Pregnancy is not the time to go on an actual diet. Even moms-to-be who are clinically obese need to gain some weight during pregnancy, according to the Mayo Clinic. However, you and your future child are best served if you follow a few basic healthy eating guidelines, especially during the second trimester of pregnancy.
You and your growing baby cannot safely ingest some types of food during pregnancy, according to the Mayo Clinic. You should avoid refrigerated smoked seafood, such as lox, raw oysters and shellfish, and cooked high-mercury seafood choices, such as shark, swordfish, tilefish and king mackerel. Also, medical professionals note that you cannot drink any amount of alcohol safely, according to both the Mayo Clinic and the March of Dimes.
Calorie Adding Potential
You should add about 300 extra calories a day during your pregnancy, according to the March of Dimes. The best foods to add are vegetables, fruits, whole-grain bread, lean protein and low-fat dairy products, such as milk. Also, the Mayo Clinic notes that you shouldn’t avoid fish entirely. Eating one or two servings a week of low-mercury options, like cod and salmon, provides much-needed brain food for you and your future son or daughter.
Not eating enough folic acid during your pregnancy could lead to premature delivery or serious birth defects in your baby, according to the Mayo Clinic. Generally, folic acid is found in healthy food choices, like beans, fortified cereals, green vegetables and citrus fruits. You should eat about 1,000 micrograms (mcg) of folic acid during pregnancy; about 1 cup of fortified cereal will provide half this daily target. Also, many vitamins include folic acid.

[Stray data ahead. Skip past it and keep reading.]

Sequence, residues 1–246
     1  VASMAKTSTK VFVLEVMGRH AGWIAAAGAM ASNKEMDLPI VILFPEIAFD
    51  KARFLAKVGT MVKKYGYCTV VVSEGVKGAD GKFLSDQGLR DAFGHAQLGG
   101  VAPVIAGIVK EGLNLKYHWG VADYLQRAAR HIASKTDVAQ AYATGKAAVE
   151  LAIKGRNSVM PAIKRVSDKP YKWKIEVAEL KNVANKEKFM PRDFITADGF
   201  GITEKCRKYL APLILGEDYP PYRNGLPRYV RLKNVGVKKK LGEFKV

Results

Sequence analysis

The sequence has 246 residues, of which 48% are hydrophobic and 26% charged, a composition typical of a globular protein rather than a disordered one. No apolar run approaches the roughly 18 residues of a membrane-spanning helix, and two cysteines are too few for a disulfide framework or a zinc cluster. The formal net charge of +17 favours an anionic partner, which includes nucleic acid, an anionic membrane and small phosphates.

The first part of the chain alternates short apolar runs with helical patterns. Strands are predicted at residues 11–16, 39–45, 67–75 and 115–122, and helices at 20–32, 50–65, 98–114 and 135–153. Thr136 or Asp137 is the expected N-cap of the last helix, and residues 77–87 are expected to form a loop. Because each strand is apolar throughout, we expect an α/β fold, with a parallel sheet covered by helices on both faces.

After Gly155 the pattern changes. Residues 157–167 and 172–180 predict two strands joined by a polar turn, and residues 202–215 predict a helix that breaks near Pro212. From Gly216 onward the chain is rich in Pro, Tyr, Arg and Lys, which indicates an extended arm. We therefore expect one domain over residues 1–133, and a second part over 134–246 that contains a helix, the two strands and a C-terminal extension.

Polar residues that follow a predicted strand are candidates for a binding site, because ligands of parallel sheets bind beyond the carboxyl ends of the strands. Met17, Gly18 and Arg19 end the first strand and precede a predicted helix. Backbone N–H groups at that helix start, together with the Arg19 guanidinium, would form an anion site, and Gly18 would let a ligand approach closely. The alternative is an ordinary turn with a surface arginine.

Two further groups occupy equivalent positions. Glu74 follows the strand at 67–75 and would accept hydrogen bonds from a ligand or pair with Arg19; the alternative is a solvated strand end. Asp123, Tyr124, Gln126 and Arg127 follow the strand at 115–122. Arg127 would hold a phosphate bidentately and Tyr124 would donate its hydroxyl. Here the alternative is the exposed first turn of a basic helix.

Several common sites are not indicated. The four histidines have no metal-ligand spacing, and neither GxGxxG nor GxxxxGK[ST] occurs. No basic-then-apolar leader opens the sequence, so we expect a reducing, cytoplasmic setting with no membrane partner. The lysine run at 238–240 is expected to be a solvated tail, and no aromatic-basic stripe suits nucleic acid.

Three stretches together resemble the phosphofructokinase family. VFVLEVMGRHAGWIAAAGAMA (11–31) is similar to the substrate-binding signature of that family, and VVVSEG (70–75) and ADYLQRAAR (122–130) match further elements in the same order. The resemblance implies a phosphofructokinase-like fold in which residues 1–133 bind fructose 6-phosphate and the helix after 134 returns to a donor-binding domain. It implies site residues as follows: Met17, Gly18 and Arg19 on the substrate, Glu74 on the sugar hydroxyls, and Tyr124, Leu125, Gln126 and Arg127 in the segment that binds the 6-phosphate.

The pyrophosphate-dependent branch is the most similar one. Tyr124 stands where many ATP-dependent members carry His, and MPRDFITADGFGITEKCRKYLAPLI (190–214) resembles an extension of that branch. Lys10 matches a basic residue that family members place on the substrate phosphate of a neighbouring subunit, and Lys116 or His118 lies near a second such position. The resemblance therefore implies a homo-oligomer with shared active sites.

You should eat about four to six small meals a day while pregnant, according to the March of Dimes. Eating a few crackers or a similar snack before you really start your day is also a good way to relieve the potential frustrations associated with morning sickness. Morning sickness is more common during the first trimester of pregnancy, but eating regular meals throughout will likely reduce the occurrence of gas pains.
All expectant moms should watch their size during pregnancy, according to the March of Dimes. Gaining too much or too little weight can make pregnancy and delivery a great deal more complicated. Underweight moms are also especially at risk of delivering babies with birth defects. Moms who were obese or overweight before conception should target gaining about 15 lbs.; underweight moms need to gain 28 to 40 lbs. to deliver healthy babies safely. Women who were of an average weight before pregnancy usually should gain about 25 lbs.
Keep in mind that loading up on sugar and high-fat foods will not only make it more difficult to lose weight after pregnancy, but it also increases the risk of pregnancy-related problems, such as vomiting, nausea and even gestational diabetes.
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